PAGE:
Outlook is of far higher quality than that grown in California. Advertising will be done in the
Western Producer, the Star Phoenix newspapers and on 600 CJWW in Saskatoon. The newspaper
ads will be run weekly during peak season. The radio ads will be on Fridays and Saturdays four
times per day. Brochures will also be made available at the farmers‟ market. However, the most
important factor will be their ability to deliver on their promise of high quality. River View has to
prove that they are the best.


On the U-pick scale, they are at a disadvantage to the orchards on the outskirts of Saskatoon,
which have a larger population base, an established operation and constant clientele. Some people
will not wish to travel to Outlook to pick fruit. Along with the fruit farm being advertised, it will
be desirable that small businesses in the town such as hotels, campgrounds and restaurants
cooperate in advertising in order to achieve success. River View Orchard will have to provide an
experience that is more satisfying than what people could find in or near the big cities.


Many of the customers will be people from rural areas. These people will be attracted to the
friendly service and outstanding quality of the fruit grown at River View. This is where the sense
of small town community pride comes into play. Fruit that people pick themselves is always
better than what they buy. As well, people from rural Saskatchewan enjoy the socializing that
can be done at a place like a U-pick orchard. All of River View‟s staff will be chosen and trained
by the manager to be friendly and courteous so that people will keep coming back for more.


More than anything it will be the quality of the service that will attract and maintain the customer
flow to the orchard. The experience of coming to the farm and the scenery enjoyed by customers
will establish a regular clientele. River View Orchard will have to have premium products and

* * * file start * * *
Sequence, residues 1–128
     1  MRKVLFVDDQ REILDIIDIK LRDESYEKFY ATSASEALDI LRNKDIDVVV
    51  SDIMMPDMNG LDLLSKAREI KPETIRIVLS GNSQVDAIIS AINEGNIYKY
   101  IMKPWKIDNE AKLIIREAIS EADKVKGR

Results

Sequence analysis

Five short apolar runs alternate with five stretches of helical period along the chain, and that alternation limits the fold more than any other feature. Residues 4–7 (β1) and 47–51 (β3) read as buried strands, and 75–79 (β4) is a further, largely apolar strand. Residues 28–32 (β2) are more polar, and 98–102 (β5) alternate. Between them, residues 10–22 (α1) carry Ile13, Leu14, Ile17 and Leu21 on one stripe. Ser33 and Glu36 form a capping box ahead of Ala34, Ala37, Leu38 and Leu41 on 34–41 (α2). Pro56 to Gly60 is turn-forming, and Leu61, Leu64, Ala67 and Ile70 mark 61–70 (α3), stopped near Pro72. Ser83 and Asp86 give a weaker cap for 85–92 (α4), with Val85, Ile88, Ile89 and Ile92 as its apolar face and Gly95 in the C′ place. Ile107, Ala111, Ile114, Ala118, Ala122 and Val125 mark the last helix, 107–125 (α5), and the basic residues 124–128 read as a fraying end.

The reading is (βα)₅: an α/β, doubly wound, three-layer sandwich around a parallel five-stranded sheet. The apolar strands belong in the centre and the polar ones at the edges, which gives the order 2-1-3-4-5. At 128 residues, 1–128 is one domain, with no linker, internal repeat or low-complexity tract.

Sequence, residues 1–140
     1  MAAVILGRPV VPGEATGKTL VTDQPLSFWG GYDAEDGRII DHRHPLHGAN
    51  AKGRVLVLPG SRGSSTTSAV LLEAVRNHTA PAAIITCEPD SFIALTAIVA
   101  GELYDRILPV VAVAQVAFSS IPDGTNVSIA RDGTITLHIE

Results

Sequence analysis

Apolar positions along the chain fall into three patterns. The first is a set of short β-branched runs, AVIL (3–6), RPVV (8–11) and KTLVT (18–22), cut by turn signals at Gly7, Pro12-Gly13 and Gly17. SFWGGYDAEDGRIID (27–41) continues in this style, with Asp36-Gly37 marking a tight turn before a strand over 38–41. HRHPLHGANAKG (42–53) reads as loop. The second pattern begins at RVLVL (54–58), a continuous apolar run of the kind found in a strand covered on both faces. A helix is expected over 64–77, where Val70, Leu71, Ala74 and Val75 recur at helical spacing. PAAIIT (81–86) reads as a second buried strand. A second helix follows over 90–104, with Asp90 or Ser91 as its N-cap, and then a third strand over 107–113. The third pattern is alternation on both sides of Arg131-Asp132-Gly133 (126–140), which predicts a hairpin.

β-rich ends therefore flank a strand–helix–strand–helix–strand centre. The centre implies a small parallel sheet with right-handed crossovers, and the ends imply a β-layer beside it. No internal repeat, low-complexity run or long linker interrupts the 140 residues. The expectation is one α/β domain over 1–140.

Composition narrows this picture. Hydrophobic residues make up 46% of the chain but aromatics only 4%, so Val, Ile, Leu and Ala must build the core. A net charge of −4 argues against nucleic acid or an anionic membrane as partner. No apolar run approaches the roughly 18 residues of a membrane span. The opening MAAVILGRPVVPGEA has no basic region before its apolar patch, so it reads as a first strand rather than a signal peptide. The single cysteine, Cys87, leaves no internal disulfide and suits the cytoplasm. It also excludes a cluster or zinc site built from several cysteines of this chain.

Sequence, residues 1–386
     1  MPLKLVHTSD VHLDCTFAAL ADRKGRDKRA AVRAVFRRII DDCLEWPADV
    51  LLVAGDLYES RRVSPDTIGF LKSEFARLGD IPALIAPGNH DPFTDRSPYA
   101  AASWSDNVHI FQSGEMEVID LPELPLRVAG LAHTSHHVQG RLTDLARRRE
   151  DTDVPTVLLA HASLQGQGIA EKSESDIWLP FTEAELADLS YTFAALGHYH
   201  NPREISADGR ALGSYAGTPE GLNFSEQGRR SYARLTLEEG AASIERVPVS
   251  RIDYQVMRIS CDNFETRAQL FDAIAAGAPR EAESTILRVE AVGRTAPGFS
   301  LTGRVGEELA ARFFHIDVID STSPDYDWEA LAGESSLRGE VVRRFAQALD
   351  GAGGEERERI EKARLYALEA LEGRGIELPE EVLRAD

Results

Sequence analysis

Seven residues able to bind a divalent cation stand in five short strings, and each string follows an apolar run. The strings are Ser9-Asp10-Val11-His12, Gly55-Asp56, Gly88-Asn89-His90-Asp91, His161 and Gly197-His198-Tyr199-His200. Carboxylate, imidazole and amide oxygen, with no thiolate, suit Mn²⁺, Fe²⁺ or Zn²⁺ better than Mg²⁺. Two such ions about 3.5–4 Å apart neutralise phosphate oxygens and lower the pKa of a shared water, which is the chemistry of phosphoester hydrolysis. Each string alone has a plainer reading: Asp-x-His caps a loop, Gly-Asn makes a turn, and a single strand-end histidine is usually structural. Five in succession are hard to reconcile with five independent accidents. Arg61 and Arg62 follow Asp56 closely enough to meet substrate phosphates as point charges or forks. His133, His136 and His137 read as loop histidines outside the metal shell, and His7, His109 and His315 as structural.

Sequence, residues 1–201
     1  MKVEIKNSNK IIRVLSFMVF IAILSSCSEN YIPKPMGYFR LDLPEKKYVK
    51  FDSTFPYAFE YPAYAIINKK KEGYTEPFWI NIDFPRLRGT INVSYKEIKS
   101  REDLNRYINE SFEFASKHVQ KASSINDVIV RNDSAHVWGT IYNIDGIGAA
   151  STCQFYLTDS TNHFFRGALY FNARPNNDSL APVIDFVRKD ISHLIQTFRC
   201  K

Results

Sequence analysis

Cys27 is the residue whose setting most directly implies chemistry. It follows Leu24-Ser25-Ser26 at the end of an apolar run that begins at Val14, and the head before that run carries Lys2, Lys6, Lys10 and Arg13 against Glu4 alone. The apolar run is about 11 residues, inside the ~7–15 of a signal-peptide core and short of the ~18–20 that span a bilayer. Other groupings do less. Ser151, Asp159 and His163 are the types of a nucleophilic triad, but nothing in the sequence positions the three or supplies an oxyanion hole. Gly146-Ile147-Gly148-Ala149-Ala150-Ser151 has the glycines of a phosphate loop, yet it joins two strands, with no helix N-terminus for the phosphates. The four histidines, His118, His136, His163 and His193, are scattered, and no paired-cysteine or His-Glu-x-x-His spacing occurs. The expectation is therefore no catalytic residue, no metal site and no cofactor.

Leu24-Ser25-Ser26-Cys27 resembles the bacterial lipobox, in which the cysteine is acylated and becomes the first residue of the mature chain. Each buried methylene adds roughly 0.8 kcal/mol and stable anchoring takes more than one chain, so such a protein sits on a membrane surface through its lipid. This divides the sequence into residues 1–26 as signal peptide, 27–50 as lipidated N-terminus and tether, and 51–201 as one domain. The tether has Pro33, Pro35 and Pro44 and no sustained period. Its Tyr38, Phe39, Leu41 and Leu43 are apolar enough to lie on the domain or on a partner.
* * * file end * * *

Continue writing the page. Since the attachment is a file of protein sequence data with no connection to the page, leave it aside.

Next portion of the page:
service that is second to none in order to remain competitive.




Comm 492.3 College of Commerce/College of Agriculture, University of Saskatchewan                 31
River View Orchards


4.7 Sales and Profit Objectives

The sales and profit objectives are shown in Table 4.2 below. Year seven is when full production
will be reached, therefore is used as a replacement for year five. Prices have been quoted from
Harvey Clark of the Saskatchewan Irrigation Development Centre and Bill King (orchard owner
from the Outlook area). The price of cantaloupe was obtained from a cantaloupe buyer from
Western Grocers.


Table 4.2 Price, Volume, Revenue and Profit Objectives 29
                        Y1          Y7          Y10          Y15          Y20
Prices
Saskatoons                   4.41        5.34         5.88         6.90          8.10
Cantaloupe                   0.88        1.07         1.17         1.38          1.62
Strawberries                 3.75        4.54         5.00         5.87          6.89
Raspberries                  5.51        6.68         7.35         8.62         10.12
Apples                       1.87        2.27         2.49         2.93          3.43
Volume(kg)
Saskatoons                     -      24,705       24,705       24,705      24,705
Cantaloupe                25,402     127,010      127,010      127,010     127,010
Strawberries               6,352      20,410       20,410       20,410      20,410
Raspberries                    -      15,880       15,880       15,880      15,880
Apples                         -       8,555        8,555        8,555       8,555
Revenues:
Saskatoons                     -     131,997      145,289      170,484     200,111
Cantaloupe                22,354     135,413      149,050      174,897     205,756
Strawberries              23,820      92,729      102,067      119,766     140,625
Raspberries                    -     106,009      116,684      136,919     160,706
Apples                         -      19,382       21,334       25,034      29,344